Style Junkie: Online and in fashion

A new website helps to take the wear and tear out of shopping for clothes in stores.

By ORI J. LENKINSKI
September 6, 2011 13:17
4 minute read.
Runway model

fashion outfit 521. (photo credit: Courtesy)

 
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‘You look great in that,” says the overly perky salesgirl as she insinuates herself into your mirror space.

“Really, it’s totally versatile. And if you want, you could always put a belt on it,” she asserts, as if a belt could magically transform the leopard-print velour moomoo you have on into one of Sarah Jessica Parker’s jaw-dropping Sex and the City numbers.

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These are the moments that have driven so many women to seek alternatives to shopping in stores. These are the fractions of an instant when it seems that wearing a potato sack would be a triumph over the pushy, insincere, gum-chewing army of retail hawkers in the world. Anything to avoid the hot, crowded dressing rooms and the artificial smiles designed to sell you something you’ll see yourself wearing in a photo two months later and cringe. Anything! “I don’t miss stores one bit,” declared Inbal Boussiba over an iced coffee at Café Noah in central Tel Aviv. Since launching her online boutique Belle&Sue in October, Boussiba has officially traded in her shopping bag for a laptop and a credit card. She is a true Web fashionista, a demographic that is rapidly growing in Israel and abroad.

When we met up, Boussiba was wearing a pair of YSL ballet flats (on sale at www.belleandsue.co.il) and a vintage ring over which she had gone to war on eBay with a woman from Australia. Her website, whose clientele has already tripled in number, boasts international brands that are selected and imported by Boussiba, her twin sister Adi, and a longtime friend of theirs who lives in New York.

Prior to the inception of Belle&Sue, there was no site devoted to fashion imports in Israel. “It was only a matter of time until online shopping became popular here,” said Boussiba. “Israelis absorb trends very quickly. Look at the number of computers in our country.”

Their service offers door-to-door delivery, free of the tax hassles that deter most buyers from shopping on the Internet.

Years ago when online music sales threatened to close the record stores we all adored, there was an outcry. Could we really buy an album without the cover art? Could we trade the hours spent browsing through dusty-smelling, vinyl-lined rooms for the click of a button? It is perhaps this fear, this disappointment at seeing our local hang-out shut down, that keeps many people from buying into the thriving online retail market.



“I’m a sucker for nostalgia. The loss of cover art with online sales makes me very sad,” said Boussiba. She went on to explain that clothing and music are opposites when it comes to sentimentality. “Nothing is lost when you buy clothing online, other than those moments in the store, which I don’t miss. In the end, you receive the article you purchased,” she said. “Even more so, as a young mother I’d rather spend my free time taking my son to the beach. Websites like ours allow women and men to shop on their own time, after work, after the kids are asleep. It frees us up.”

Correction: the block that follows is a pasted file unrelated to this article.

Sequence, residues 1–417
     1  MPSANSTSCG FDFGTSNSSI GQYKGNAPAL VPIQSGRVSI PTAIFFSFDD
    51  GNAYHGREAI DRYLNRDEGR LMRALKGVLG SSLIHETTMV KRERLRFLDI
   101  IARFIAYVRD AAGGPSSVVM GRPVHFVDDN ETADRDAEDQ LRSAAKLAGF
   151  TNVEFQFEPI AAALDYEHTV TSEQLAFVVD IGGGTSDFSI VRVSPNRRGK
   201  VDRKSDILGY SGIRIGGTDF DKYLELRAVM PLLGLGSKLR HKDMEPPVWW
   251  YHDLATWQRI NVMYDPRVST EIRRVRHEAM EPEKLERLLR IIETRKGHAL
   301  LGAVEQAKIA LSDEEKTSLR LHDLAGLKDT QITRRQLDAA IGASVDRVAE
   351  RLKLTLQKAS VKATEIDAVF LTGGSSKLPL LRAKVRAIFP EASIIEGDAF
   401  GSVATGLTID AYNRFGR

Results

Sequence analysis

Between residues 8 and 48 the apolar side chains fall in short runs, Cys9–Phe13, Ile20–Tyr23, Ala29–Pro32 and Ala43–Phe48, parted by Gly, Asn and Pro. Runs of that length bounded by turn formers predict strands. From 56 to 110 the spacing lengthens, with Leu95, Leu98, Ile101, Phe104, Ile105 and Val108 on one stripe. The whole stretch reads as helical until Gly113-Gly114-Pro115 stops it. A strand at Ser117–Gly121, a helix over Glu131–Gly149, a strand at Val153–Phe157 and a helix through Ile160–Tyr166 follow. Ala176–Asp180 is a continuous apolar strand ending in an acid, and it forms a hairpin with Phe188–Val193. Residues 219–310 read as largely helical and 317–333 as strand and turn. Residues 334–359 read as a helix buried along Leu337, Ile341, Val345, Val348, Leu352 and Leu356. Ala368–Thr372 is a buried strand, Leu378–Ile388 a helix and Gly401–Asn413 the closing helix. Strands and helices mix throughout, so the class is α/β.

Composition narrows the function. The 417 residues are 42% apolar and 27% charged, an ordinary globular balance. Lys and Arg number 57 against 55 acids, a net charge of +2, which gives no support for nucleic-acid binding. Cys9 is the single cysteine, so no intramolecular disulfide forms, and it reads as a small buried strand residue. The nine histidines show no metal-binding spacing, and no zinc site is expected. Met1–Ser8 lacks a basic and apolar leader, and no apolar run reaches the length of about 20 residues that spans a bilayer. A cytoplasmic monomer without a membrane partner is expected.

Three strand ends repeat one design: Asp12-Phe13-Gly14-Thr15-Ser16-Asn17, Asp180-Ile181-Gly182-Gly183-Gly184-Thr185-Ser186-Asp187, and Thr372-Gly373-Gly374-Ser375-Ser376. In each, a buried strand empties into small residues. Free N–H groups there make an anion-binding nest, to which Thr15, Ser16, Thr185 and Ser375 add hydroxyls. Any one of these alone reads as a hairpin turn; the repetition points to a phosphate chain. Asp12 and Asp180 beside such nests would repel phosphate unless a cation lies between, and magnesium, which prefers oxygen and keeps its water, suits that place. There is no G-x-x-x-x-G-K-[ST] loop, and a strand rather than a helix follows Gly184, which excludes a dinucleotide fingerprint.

A question Boussiba is often asked about is fit. “What if the shirt I ordered doesn’t fit well?” Or “What if I don’t like it once it arrives?” Belle&Sue is more than ready to iron out any kinks in its customers’ buying process. Its customer service staff has a wealth of knowledge about the merchandise and about the buying history of each client.

“If I see that a certain customer bought a size 28 in J Brand jeans three months ago and now has ordered pants from Cheap Monday, I can tell her to go up one size because that label runs small, for example,” said Boussiba. “We also have women who send us photos of themselves and ask for fashion advice, a service we are happy to provide.”

The twins are about to depart for New York Fashion Week, where they hope to fill their goodie bags with pieces that will inspire their local shoppers.

“We go to New York twice a year to choose items for the coming season; then we go through an extensive process of trying on the clothes with our staff, photographing them and writing detailed descriptions of everything, from the color and the cut to what will look best with the item,” said Boussiba.

In addition, the price and size ranges are deliberately wide. “Our cheapest item is a tank top that costs NIS 69. The most expensive is a Charlotte Ronson dress for NIS 1,290, which is an awesome price,” said Boussiba. “It’s important to us to keep the options open, as we have customers of all ages from all over the country.”

To close the interpersonal gap created by the Internet, Belle&Sue is adamant about making the clothing feel accessible to their clients. “All our photos are of real women, like me – mothers and working women who want to look good. We never photograph models because our online market isn’t about that. And we pay a lot of attention to fabric. Our merchandise is comfortable, relatively simple and self-explanatory.

You won’t find anything that would require a salesperson’s help to put on,” boasted Boussiba. “Overall, I would say it’s the most pleasant shopping experience a person can have.”

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